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Thursday, August 16, 2012 | return to: arts


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Artist’s portraits bring long-gone family back to Budapest

by dan pine, j. staff

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Last summer, artist Michal Gavish toured the quaint Budapest neighborhoods her parents and grandparents once called home. She brought along with her some special guests: the ghosts of relatives who perished in the Holocaust.

Not real ghosts, of course. They were Gavish’s life-size paintings of family members, copied onto paper and adhered to wood.

She carried these objets d’art with her into the old haunts and houses, as if to return her forebears to the lives stolen from them long ago. Then she filmed it all, and made that part of the show.

This blend of painting and performance art was part of “My Objectivity,” a multimedia project by the Palo Alto artist. After Budapest, Gavish staged exhibitions of her work in Leipzig, Germany, and, in June, at San Francisco’s Sandra Lee Gallery.

Michal Gavish creates life-size paintings on fabric in her series, “My Objectivity.   photo/sandra lee gallery
Michal Gavish creates life-size paintings on fabric in her series, “My Objectivity. photo/sandra lee gallery
Next the Palo Alto resident heads to her homeland of Israel for an exhibition at a gallery in Jaffa.

To create her pieces, Gavish copied old photographs, most of them posed portraits of long-gone family members. Some are painted on sheer fabric and resemble specters waving in the breeze. Others are rendered onto large rolls of paper that suggest Torah scrolls. The colors are muted, not unlike the faded sepia-toned photos on which she based the project.

The tour of Budapest took her into the old stone apartment building her father grew up in, as well as the Jewish school he attended (it’s still an Orthodox Jewish school). She also went to the Jewish cemetery where her grandparents are buried, draping her family portraits on trees to let them sway.

“It was very emotional, of course,” Gavish said of her original Budapest journey, which took place during a 2011 artist-in-residency in the Hungarian capital. “In my parents’ stories about Budapest there was a lot of fear, a lot of difficulties. They were afraid all the time.”

With good reason. Hungary was one of the last Eastern European nations to fall to the Nazis. But when it did, in the spring of 1944, the vast majority of its Jews ultimately died. A few survived, including Gavish’s parents. Her mother stayed hidden throughout the war, while her father managed to stay alive in a concentration camp.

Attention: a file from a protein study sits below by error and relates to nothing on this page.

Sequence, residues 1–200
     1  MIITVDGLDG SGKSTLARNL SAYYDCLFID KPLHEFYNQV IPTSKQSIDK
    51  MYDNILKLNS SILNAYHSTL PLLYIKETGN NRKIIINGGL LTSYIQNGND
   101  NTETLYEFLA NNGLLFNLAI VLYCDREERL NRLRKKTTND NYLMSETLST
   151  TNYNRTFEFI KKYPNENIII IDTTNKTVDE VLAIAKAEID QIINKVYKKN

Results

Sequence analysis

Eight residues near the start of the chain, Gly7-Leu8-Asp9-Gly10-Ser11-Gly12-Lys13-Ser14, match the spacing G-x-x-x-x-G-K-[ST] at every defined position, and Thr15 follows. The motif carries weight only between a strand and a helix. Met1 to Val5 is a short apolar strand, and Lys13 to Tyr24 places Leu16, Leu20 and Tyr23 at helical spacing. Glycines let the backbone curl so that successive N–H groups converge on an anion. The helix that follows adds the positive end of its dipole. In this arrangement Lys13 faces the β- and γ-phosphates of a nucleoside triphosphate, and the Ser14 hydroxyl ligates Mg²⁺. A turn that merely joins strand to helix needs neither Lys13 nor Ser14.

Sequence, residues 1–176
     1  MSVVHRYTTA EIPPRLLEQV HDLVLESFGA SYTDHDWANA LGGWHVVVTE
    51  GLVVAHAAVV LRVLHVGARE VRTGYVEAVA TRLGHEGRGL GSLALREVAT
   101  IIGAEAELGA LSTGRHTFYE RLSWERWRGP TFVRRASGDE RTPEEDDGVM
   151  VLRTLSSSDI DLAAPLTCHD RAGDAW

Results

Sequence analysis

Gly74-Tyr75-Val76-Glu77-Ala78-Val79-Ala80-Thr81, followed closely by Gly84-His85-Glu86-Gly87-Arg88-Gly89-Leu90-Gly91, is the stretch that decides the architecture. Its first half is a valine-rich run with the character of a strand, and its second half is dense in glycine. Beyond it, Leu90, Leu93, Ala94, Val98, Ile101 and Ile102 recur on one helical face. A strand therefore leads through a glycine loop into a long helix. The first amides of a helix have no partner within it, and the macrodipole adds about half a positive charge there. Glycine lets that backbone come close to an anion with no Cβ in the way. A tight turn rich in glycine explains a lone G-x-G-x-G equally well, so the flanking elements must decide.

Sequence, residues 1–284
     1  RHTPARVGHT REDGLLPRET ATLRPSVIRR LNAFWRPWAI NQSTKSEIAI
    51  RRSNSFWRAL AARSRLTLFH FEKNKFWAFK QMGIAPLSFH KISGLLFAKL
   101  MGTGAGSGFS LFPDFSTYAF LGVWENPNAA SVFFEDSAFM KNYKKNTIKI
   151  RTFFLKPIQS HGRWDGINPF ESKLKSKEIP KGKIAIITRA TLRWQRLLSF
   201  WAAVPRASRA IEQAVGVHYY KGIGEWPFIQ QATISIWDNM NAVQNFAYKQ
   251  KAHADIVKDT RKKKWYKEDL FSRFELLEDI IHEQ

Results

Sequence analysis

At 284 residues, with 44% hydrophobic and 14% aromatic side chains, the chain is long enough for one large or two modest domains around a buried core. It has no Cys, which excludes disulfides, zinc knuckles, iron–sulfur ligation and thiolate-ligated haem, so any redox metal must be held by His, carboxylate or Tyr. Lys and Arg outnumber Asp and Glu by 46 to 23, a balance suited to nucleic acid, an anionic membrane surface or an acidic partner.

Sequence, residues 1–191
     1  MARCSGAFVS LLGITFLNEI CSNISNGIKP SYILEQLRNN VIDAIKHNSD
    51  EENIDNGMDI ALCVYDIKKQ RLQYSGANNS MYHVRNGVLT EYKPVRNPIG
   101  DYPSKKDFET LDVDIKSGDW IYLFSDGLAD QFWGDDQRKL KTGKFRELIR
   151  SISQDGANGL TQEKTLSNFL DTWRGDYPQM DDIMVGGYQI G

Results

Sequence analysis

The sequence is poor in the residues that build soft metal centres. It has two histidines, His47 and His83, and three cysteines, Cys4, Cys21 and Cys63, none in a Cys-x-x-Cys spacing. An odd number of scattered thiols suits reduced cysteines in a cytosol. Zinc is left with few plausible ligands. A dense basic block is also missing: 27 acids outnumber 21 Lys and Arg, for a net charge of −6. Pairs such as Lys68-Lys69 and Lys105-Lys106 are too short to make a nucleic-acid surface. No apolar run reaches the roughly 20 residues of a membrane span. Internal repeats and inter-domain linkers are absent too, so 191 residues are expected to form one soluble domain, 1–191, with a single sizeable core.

After the war, her parents moved to Israel, where Gavish grew up. She earned a doctorate in chemistry, later completing her postgraduate degree at Israel’s Weizmann Institute of Science, then working at a pharmaceutical company in Switzerland.

Yet all along, she had a desire to try her hand at art. After moving to Palo Alto 11 years with ago, she earned a MFA in painting from the San Francisco Art Institute, making the switch from chemist to artist.

But not entirely. She says her chemistry background helped her devise new ways to work with various art media. (She won’t give away any trade secrets.)

Since 2005, Gavish has shown her work at galleries and open studios in the Bay Area, New York, Los Angeles, South America and Europe.

Stage design is another aspect of her artistic life. Gavish has created sets for several productions by the Pear Avenue Theater in Mountain View, including backdrops, flooring and, in one case, building a cathedral for the tiny theater.

Though her work encompasses several media and varied subject matter, Gavish says “My Objectivity” has especially deep personal significance for her.

And she has found it has had a similar affect on her audiences. At the Leipzig show, for which she arranged her multimedia portraits in a setting that seemingly recreated her family’s Budapest home, one “huge, blond” German man studied the exhibition for a long time.

“He said it really feels like home, and that’s what’s so sad about it,” Gavish recalls. “That was the whole point. My family never had that home, or it had it but it was interrupted. That brings home the consequences.”


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